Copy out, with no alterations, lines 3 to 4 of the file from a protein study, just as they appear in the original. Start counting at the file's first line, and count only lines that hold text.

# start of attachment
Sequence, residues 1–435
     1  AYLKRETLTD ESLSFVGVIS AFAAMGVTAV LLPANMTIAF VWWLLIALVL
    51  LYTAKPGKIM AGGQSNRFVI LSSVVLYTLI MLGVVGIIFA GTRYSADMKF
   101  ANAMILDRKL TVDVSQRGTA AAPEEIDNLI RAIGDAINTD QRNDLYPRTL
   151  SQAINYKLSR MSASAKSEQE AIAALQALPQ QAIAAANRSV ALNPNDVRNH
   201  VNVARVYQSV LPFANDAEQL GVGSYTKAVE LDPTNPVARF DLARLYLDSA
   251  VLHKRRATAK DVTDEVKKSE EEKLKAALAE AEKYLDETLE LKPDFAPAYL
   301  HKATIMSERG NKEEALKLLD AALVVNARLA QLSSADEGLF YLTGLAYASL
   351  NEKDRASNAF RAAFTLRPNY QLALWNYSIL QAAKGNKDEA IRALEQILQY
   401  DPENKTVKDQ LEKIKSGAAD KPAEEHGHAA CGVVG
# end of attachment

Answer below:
    51  LYTAKPGKIM AGGQSNRFVI LSSVVLYTLI MLGVVGIIFA GTRYSADMKF
   101  ANAMILDRKL TVDVSQRGTA AAPEEIDNLI RAIGDAINTD QRNDLYPRTL